Books

The Inaugural Meeting of the Fairvale Ladies Book Club – Sophie Green

In this book I was transported to Australia, to the Northern Territory, to the end of the Seventies and the early Eighties where I got to meet a group of women who knew little of each other initially but grew from a small book club to a community to a close-knit family.

Sybil lives out on Fairvale Station, she moved their from Sydney to be with her husband and subsequently has two sons Lachlan who has chosen a very different path in life and Ben who finds Fairvale the place he wants to be.

Kate is Ben’s wife and thousands of miles away from her home in London. She is struggling to deal with defining moments of the wet and dry season.

Della is also thousands of miles away from her Texan home but the station and the land whilst similar to that of her ranch at home gives her more opportunities. She meets Stan and she thinks she may have found what she has been running away from.

Sallyanne is struggling, three children, a drunken husband and isolation from everything all she has is her dreams and they are slowly being turned into nightmares.

Rita is Sybil’s oldest friend and is a nurse in the Flying Doctors service and lives the furthest from her friend.

These women are brought together by the book club that was started by Sybil for Kate to meet some other people. It was clear that this book was more about their lives and their friendships then it was about the books. Although of course the books they choose to read are important and can give you a further reading list if you needed one. The books gave them a chance to escape their world as any book can do.

All of these women were faced with differing problems and the book dealt with, death, life, abuse, racism, sexism, depression and loneliness without actually having to wave a big flag saying this is what we are dealing with. These are the best books, the ones that deal with issues which are still so relevant today, even though the books setting is around forty years previously. Aimed at women readers there is something within these pages that most women will relate to. And if you perhaps don’t then put yourself in their shoes, int heir lives and think about how you would deal with the events as they play out in the book.

This is a thoughtfully written book, which whilst dealing with emotive subjects does a wonderful job is showing what life is like on a cattle station in Australia, when it takes days to cross the land and muster the cattle, where you can’t pop to the shops when you run out of milk without taking a two-hour drive and when it rains you are trapped with only radio as your means of communication with the outside world. For me fascinating stuff.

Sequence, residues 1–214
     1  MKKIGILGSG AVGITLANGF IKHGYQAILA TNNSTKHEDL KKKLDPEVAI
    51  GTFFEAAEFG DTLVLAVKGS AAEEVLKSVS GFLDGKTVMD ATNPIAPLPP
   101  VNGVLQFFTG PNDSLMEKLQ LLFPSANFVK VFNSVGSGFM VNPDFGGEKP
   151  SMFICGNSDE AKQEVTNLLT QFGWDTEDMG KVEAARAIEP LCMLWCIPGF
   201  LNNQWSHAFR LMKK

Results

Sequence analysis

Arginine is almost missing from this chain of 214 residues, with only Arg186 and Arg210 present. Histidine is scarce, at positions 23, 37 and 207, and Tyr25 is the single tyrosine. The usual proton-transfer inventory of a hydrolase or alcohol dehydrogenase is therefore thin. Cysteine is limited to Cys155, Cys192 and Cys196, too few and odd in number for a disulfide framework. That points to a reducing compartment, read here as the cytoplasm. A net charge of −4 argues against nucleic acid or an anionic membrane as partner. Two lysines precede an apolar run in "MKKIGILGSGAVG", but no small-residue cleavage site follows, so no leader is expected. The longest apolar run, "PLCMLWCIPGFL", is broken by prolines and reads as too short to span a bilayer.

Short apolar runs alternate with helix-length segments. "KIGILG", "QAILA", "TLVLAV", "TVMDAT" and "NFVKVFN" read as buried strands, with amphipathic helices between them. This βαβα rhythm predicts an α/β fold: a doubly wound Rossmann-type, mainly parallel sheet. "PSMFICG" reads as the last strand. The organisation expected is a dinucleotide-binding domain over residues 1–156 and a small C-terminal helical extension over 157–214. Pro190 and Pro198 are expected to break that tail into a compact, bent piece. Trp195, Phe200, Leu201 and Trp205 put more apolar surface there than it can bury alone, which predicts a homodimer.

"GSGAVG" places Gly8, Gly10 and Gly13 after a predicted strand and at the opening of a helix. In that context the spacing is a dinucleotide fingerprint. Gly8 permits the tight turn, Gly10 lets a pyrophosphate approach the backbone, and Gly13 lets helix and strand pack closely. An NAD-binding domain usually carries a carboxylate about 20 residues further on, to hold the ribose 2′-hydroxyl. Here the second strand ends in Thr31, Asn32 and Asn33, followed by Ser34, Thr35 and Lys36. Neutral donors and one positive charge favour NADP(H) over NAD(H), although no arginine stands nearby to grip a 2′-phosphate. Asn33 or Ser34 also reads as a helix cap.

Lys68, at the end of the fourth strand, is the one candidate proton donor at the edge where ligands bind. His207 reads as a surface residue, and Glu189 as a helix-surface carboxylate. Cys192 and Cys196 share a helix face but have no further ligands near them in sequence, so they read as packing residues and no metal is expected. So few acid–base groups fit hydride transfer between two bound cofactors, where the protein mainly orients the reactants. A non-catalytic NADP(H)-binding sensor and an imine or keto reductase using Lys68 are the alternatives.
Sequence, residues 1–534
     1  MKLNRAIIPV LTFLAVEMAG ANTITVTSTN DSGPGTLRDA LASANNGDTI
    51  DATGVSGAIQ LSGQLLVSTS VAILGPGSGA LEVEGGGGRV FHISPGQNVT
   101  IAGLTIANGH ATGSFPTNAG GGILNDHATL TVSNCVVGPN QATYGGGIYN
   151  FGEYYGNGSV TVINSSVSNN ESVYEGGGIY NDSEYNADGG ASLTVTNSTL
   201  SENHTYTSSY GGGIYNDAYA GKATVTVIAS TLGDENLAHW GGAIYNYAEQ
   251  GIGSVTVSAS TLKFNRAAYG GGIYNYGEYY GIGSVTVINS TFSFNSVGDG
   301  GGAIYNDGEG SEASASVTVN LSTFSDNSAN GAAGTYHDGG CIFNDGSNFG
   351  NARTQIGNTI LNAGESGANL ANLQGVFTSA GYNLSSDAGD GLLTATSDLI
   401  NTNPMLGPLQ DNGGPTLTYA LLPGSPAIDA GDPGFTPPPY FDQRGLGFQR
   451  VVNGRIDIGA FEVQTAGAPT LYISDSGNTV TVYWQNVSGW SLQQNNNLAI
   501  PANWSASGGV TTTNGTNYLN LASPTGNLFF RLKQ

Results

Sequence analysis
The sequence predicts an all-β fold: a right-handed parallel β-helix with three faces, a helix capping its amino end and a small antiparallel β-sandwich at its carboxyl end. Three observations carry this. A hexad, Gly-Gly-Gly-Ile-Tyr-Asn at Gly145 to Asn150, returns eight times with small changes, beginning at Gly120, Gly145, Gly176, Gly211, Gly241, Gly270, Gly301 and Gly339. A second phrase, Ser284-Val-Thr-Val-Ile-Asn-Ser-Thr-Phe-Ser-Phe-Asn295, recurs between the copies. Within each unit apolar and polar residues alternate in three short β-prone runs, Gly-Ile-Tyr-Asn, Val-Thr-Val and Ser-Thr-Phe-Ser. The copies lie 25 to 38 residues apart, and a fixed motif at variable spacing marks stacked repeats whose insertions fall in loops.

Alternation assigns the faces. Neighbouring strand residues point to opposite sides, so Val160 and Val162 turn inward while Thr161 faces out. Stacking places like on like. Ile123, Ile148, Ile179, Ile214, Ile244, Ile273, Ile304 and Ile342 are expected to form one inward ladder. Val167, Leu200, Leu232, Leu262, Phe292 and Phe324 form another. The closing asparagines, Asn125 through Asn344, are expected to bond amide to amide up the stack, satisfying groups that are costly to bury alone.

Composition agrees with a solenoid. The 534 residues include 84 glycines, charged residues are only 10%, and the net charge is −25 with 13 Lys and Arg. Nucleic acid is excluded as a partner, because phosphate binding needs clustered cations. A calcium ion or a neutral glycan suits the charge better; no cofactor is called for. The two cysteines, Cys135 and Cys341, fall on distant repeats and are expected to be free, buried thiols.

I enjoyed this book and would recommend it for anyone wanting a change from perhaps the normal run of the mill commercial women’s fiction – this book has a story to tell in itself.

Thank you to the publisher and netgalley for the opportunity to read this book. 

The Inaugural Meeting of the Fairvale Ladies Book Club is out on the 1 March. 

 

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Books

Coming Soon…….

….. to the blog you are currently reading.

Two books which I have really enjoyed so far this year.

Come back on the 25th February to see the spotlight and then the review of the book.

Then in March we have what some people have been hoping and dreaming about for a while

What have you got coming soon to your blog?

 

Books

The Seven Deaths of Evelyn Hardcastle – Stuart Turton

How do you stop a murder that’s already happened?

At a gala party thrown by her parents, Evelyn Hardcastle will be killed–again. She’s been murdered hundreds of times, and each day, Aiden Bishop is too late to save her. Doomed to repeat the same day over and over, Aiden’s only escape is to solve Evelyn Hardcastle’s murder and conquer the shadows of an enemy he struggles to even comprehend–but nothing and no one are quite what they seem.